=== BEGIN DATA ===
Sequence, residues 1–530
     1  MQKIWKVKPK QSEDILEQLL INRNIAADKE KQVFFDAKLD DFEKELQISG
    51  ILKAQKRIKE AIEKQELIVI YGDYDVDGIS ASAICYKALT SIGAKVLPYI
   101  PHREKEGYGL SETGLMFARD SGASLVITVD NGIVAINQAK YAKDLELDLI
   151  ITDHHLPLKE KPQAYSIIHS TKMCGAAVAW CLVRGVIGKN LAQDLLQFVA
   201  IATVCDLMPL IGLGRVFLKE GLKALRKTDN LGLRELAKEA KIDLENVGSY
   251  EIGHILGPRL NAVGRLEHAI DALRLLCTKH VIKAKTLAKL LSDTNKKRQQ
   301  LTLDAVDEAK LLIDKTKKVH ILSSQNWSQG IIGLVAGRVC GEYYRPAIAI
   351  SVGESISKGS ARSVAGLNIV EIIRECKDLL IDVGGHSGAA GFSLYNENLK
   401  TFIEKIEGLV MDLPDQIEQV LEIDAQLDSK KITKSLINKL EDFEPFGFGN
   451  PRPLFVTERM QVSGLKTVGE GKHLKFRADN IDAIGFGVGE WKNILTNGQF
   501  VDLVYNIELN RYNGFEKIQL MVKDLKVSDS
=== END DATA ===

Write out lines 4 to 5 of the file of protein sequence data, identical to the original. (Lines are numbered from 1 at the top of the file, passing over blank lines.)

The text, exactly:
   101  PHREKEGYGL SETGLMFARD SGASLVITVD NGIVAINQAK YAKDLELDLI
   151  ITDHHLPLKE KPQAYSIIHS TKMCGAAVAW CLVRGVIGKN LAQDLLQFVA